U.S. investors look like they'll miss out on another blockbuster initial public offering (IPO), with the owner of TikTok looking to list the Chinese version of the app in Hong Kong.
ByteDance Inc. is in talks with investment banks and internally over a Hong Kong IPO for its Douyin short-video app, Reuters reported on Monday, citing two "people familiar with the situation."
The preliminary talks have seen ByteDance executives meet bankers at several investment banks in recent weeks to discuss a potential offering after already discussing the idea internally, Reuters states.
I'd hazard a guess that ByteDance would also want to list Douyin in Shanghai at the same time as in Hong Kong. A Hong Kong listing would give the company exposure to international investors. But stocks trade at much higher premiums in Shanghai and Shenzhen, markets dominated by momentum-driven retail investors who face a dearth of high-quality listings on China's domestic markets. Douyin is only available in China.
The investment banks have begun research and analysis about the potential for a standalone listing for Douyin, Reuters reports. ByteDance declined to comment.
TikTok came under attack earlier this year from U.S. President Donald Trump and his administration, who have painted the teen-friendly app as a national security risk. This pressure still seems to me to be mainly a bid to force a sale of the business into U.S. hands.
ByteDance began life in 2012 with a TikTok precursor as well as the news headlines site Toutiao, or "headlines." ByteDance then in 2016 invented Douyin, which is simply the Chinese-language version of TikTok, the latter only available outside China. Both apps allow users to record video bursts and are wildly popular with teens, first and foremost for dance moves but also jokes, pranks and makeup tips.
Douyin crossed the mark of 600 million daily active users, the company said in August, up from 400 million at the start of the year. TikTok has crossed the 100 million mark for users in the United States and passed 100 million daily users in Europe as of September.
We are still somewhat in the dark as to what exactly is happening to TikTok. ByteDance says it is forming a new company, TikTok Global, which it says will remain a subsidiary of the Beijing-based company.
ByteDance insists it will retain 80% ownership of the new company. Oracle (ORCL) is due to take a 12.5% stake in TikTok Global, while Walmart (WMT) will own 7.5% as a commercial partner. But Oracle has said ByteDance will have no ownership in the new company.
U.S. investors would own more than half of TikTok Global, if you factor in the existing ownership of parent ByteDance. U.S. investors including venture capital funds Sequoia Capital, General Atlantic and Coatue Management together already own 40% of ByteDance. That means they own 40% of the 80% that the Beijing company says it will own in the new company, which means 32% of TikTok Global. Add in the 20% Oracle-Walmart stakes and you reach 52% ownership in U.S. hands.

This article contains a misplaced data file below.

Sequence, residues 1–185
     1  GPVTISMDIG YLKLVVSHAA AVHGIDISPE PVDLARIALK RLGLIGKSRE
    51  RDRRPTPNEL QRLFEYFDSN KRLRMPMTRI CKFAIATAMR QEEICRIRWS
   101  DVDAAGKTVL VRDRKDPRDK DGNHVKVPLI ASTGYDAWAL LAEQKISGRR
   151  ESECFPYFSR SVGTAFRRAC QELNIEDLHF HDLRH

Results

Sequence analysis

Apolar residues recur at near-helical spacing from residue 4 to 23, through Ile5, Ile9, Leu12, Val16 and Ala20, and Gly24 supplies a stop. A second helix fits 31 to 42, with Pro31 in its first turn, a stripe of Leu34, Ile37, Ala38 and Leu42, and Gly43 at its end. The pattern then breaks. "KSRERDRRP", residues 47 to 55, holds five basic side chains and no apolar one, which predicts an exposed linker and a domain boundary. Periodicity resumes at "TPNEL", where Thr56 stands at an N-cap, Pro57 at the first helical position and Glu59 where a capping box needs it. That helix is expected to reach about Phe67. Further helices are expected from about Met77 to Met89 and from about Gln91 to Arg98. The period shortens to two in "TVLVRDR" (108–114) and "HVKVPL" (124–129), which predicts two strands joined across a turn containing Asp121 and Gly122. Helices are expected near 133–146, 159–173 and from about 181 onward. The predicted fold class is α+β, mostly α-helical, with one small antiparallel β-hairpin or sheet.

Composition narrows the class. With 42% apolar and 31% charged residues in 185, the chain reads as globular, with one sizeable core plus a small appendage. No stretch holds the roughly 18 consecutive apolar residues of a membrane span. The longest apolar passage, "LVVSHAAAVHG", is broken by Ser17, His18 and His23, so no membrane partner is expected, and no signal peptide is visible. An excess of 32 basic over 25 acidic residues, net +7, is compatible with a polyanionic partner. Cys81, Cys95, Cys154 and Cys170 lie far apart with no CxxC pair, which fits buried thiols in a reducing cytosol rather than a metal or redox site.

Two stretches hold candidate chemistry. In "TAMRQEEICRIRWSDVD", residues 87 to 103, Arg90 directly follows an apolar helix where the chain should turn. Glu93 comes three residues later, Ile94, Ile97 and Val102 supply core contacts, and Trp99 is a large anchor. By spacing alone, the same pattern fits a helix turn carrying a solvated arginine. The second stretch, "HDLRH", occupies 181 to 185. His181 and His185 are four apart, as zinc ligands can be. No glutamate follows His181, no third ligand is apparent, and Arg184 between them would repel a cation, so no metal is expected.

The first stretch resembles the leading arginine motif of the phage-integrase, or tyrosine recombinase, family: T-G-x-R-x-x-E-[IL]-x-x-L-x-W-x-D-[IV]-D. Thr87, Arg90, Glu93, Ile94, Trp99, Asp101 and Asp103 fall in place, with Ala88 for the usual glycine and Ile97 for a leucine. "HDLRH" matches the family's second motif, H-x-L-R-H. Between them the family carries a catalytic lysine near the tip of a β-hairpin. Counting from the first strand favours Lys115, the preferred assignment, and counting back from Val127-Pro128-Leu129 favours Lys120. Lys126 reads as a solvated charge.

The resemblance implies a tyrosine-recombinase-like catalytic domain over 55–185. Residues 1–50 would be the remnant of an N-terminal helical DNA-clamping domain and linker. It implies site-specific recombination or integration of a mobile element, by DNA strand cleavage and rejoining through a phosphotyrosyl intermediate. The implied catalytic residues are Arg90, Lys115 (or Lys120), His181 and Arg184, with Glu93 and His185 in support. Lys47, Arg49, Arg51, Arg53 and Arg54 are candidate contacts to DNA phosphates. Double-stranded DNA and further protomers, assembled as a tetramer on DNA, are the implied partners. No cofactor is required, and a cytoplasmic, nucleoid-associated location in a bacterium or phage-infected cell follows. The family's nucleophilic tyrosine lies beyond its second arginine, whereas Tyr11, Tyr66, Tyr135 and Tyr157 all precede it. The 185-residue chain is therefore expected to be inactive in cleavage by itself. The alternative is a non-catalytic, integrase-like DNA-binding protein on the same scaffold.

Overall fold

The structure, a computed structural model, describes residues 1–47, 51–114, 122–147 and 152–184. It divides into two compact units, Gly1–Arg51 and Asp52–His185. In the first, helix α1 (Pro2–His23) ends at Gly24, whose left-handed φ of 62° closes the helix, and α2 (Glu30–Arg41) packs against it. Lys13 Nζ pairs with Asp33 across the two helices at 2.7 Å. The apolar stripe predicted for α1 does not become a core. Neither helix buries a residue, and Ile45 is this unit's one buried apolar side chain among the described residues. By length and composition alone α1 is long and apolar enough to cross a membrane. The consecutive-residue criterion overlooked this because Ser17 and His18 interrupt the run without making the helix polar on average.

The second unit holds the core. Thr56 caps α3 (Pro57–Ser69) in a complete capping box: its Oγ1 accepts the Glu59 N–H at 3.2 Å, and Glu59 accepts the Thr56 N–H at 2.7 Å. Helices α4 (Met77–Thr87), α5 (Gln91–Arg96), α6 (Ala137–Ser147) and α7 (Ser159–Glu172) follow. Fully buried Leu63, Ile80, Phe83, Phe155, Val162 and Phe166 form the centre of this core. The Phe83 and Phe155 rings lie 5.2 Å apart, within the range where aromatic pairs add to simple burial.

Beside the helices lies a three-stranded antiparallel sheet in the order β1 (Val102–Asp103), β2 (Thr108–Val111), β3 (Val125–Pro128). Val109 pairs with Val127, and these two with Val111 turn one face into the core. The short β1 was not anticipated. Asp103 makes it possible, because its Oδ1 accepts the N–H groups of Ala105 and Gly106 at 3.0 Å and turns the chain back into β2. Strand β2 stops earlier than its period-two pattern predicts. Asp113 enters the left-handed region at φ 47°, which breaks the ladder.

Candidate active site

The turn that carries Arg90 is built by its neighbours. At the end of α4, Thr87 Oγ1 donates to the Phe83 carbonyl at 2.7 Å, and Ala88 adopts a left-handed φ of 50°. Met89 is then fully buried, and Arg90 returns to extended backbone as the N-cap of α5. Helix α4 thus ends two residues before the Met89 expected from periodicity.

That breakdown still does not explain how anyone can claim ByteDance does not own any of the company at all, however. Beijing says it will block the sale of the "special sauce" of source code, recommendation algorithms and other technology that powers Douyin and TikTok.
Trump appears to have lost interest in TikTok, given his understandable focus on the presidential election. But he likely has also realized further action against TikTok is likely to alienate younger voters.
Hong Kong has become an increasingly important market for China-focused tech stocks, having traditionally been a market built around banks, property developers and China-focused manufacturing.
Any Douyin or ByteDance listing would be a blockbuster. It would mark the third major listing to bypass U.S. markets altogether, with the two largest listings in history set to have had no U.S. component at all.
The Alibaba Group Holding (BABA) fintech spinout Ant Group is readying what's likely to be the world's largest IPO in history. The listing, slated for shortly after the U.S. presidential election, will be the first to happen simultaneously in Hong Kong and on Shanghai's Nasdaq-like STAR Market.
If the Ant Group offering breaks the US$30 billion barrier, it will surpass the US$29.4 billion raised by the Middle Eastern oil giant Saudi Aramco SSE:2222 with its listing last December in Riyadh.
Until the Saudi Aramco listing, New York was still the IPO capital. Alibaba previously held the title of history's largest IPO following its US$25 billion float on the New York Stock Exchange (NYSE) in 2014. The Chinese e-commerce giant then followed that up in November with a secondary listing in Hong Kong valued at US$12.9 billion.
But the increasing pressure on Chinese companies from U.S. authorities is encouraging them to consider listing closer to home. JD.com (JD) and NetEase (NTES) followed Alibaba with Hong Kong secondary listings, while the online travel agency Ctrip (TCOM) and the search engine Baidu (BIDU) are reportedly considering the same. Sina (SINA) , which runs the Twitter (TWTR) equivalent Weibo (WB) , is being taken private and delisting from New York, a deal expected to close in the first quarter of 2021.